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The more money you have, the easier it is to make money or hold onto what you have. It means you can invest or avoid taking out loans. When you don’t have enough money, you end up owing even more money because you get hit with late fees, have to take out loans with high-interest rates, or you may have to use your credit cards to pay for necessities. Some banks will even charge you if your account dips under $100! Don’t have enough money in your account? You’re going to have to pay more. Military veterans are no different; they can become saddled with debt just like everyone else. However, they may have more options for veteran debt relief.
Programs for Veterans
If you’re one of the proud people who served your country, you have an array of options readily available.
1. The Servicemembers Civil Relief Act
This act provides state income tax relief by protecting military personnel from being taxed in multiple states. The act also limits the amount of interest military members can be charged on certain loans obtained before active duty military service to 6%, including loans taken out with a spouse. In fact, the lender must reimburse the member for any amount charged over 6% from the date the service began to a year after it ended. There are also certain protections against foreclosures and repossessions. More information on this kind of veteran debt relief can be found on the DOJ website.
2. VA Housing Assistance
VA housing assistance isn’t just for helping veterans and active military members buy a new home; it can also help you refinance and keep your current home.
Additionally, if you have a VA home loan, you’re eligible for a Military Debt Consolidation Loan (MDCL). It works the same as any other debt consolidation loan that uses your home’s equity to secure a loan that gives you one monthly loan payment, but because it’s guaranteed by the VA, you’ll likely be able to get more favorable terms than with a regular debt consolidation loan.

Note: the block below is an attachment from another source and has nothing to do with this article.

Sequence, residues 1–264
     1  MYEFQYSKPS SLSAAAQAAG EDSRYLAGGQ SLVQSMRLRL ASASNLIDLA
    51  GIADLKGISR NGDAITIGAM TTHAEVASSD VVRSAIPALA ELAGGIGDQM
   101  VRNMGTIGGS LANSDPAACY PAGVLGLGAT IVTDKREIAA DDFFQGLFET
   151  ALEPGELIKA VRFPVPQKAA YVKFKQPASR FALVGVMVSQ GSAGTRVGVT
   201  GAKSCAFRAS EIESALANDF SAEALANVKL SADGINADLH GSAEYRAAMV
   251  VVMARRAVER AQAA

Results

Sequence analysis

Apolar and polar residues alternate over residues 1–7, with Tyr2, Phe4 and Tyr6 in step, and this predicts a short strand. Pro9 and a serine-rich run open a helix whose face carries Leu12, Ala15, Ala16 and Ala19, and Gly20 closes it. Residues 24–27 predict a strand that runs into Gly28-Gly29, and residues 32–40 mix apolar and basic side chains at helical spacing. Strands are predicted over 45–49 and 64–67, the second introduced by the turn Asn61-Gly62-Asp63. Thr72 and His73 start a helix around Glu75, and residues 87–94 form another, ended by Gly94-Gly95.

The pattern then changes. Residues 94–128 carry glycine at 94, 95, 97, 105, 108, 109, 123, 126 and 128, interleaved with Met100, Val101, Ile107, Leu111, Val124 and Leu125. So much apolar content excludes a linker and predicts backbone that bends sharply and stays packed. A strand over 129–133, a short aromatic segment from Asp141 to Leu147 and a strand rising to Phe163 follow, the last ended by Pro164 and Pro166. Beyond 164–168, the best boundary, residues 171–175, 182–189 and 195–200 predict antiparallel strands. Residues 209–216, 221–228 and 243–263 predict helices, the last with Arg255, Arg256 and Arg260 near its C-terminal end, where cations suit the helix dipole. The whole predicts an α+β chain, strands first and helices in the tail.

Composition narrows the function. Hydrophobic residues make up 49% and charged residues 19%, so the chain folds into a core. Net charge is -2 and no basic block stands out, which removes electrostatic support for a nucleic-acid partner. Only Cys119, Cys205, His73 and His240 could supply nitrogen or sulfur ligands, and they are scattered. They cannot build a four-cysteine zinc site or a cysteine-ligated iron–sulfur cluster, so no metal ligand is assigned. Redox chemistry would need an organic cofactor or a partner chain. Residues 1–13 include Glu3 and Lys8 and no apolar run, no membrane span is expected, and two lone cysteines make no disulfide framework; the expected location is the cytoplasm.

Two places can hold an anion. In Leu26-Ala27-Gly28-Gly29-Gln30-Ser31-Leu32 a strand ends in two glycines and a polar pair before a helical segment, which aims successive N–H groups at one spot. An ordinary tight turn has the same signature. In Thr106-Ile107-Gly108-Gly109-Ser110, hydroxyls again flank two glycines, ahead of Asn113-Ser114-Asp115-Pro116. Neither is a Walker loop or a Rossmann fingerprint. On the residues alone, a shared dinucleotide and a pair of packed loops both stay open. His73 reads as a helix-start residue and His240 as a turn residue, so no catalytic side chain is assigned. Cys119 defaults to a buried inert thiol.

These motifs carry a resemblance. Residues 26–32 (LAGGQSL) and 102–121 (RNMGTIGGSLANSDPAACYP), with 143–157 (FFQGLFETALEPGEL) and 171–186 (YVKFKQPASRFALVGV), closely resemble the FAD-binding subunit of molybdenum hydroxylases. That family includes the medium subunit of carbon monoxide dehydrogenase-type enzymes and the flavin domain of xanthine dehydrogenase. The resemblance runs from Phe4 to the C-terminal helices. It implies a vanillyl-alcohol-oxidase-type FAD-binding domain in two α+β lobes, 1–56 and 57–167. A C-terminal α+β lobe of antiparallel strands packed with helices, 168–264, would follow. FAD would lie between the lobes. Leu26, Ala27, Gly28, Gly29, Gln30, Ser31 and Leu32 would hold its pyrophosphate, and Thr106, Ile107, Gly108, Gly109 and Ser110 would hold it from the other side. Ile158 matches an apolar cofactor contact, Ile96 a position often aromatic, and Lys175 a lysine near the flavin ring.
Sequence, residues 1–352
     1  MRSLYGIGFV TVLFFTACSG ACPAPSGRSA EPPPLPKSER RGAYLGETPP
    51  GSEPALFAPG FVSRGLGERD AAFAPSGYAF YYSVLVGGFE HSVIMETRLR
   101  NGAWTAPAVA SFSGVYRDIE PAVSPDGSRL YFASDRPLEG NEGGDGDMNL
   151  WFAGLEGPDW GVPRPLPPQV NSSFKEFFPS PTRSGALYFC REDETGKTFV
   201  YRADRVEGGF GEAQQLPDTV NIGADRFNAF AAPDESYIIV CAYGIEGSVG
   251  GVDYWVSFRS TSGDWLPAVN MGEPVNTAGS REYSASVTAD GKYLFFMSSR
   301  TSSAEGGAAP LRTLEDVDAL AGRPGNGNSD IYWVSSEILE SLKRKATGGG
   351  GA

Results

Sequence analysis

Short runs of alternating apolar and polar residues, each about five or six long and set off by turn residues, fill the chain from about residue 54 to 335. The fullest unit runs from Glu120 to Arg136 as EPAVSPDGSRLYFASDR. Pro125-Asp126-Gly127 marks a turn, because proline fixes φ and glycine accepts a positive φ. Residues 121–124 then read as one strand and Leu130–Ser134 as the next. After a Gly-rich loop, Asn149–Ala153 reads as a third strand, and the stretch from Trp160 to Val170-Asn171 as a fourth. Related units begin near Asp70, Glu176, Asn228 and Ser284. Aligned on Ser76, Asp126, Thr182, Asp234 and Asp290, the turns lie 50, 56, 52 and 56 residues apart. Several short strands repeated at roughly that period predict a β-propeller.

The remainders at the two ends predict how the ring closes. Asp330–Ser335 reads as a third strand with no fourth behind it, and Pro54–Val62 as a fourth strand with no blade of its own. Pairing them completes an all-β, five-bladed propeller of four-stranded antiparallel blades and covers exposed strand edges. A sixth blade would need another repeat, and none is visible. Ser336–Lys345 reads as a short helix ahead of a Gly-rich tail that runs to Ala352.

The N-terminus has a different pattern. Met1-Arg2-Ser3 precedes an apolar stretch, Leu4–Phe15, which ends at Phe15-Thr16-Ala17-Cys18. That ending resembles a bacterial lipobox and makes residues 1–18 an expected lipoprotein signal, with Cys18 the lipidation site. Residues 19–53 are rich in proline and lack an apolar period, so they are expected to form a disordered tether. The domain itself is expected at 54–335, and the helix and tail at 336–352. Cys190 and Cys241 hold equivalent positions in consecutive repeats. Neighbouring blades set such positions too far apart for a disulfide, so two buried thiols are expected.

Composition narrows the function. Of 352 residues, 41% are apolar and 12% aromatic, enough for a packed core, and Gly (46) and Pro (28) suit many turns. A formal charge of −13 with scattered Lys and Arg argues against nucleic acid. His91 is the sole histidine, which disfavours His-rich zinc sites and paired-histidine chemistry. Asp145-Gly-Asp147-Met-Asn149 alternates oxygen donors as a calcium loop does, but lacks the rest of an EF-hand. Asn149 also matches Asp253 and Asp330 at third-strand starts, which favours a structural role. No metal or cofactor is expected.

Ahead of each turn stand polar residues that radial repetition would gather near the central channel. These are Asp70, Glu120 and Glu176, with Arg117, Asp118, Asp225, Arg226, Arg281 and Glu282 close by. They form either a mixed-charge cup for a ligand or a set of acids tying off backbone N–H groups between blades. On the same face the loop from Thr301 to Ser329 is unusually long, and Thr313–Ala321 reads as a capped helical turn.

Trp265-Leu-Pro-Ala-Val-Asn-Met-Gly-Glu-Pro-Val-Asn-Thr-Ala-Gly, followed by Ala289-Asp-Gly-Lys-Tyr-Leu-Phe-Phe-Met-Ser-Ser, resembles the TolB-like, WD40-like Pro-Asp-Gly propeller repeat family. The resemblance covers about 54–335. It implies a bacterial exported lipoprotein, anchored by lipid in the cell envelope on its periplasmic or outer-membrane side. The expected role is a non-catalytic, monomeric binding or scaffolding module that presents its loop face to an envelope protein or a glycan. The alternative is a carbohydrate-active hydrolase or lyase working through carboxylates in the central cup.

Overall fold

3. Student Loan Discharge
If you’re a permanently disabled veteran and received a total and permanent discharge, and you have federal student loans, you may be able to have them discharged. If you have a William D. Ford Federal Direct Loan (Direct Loan) Program loan, a Federal Family Education Loan (FFEL) Program loan, and/or a Federal Perkins Loan, or need to complete a TEACH Grant service obligation, you may be relieved of those obligations. StudentAid.gov can explain how to qualify.
Debt Relief Options for Everyone
Regardless of whether you’re a military veteran, when it comes to paying your debt, options do exist.
Pay Down the Debt Yourself
Typically, this requires a long-term plan; and, depending upon your level of debt, can be done with strict budgeting and dedication.
When credit cards offer 0% interest on balance transfers for an introductory period, it can be a good way to pay down your debt quicker. However, keep in mind that there’s usually a 3-5% initial fee on the amount transferred, and it needs to be paid off before the period is over when the interest rate goes up. If not paid off by the end of the intro period, you may even face retroactive interest charges.
Filing for bankruptcy can wipe out your debt (Chapter 7) or give you a payment plan for a lower payoff, but you risk losing your stuff, and it can decimate your credit for years.
A consolidation loan can put your debt into one monthly payment that’s easier to handle. If you have equity in your home, you may be able to use that for a lower interest rate.
A debt settlement company negotiates with your creditors for lower payoffs, and many use it in conjunction with a debt consolidation loan.
If your financial situation is dire, don’t give up! Veteran debt relief options are available to help get you back on your feet.
- The American Legion raises money to help veterans in need with money for food and shelter and other necessities.
- MilitaryOneSource is an organization developed by the DOD that’s a one-stop source for help in dealing with all aspects of military life, including financial counseling.
- USA Cares is aimed at keeping post-9/11 families in their homes. It helps with financial counseling as well as grants to help avoid foreclosure and offer support for the unemployed.
- Operation First Response provides aid to wounded or disabled veterans who may be facing foreclosure, utility shut-offs, etc.
- The Coalition to Salute American Heroes also helps disabled vets facing financial emergencies and helps with caregiver support.
You didn’t get into debt overnight; getting out of debt takes time, too. Weighing your different options to figure out what works for you will bring you the best chance of success in eliminating your debt.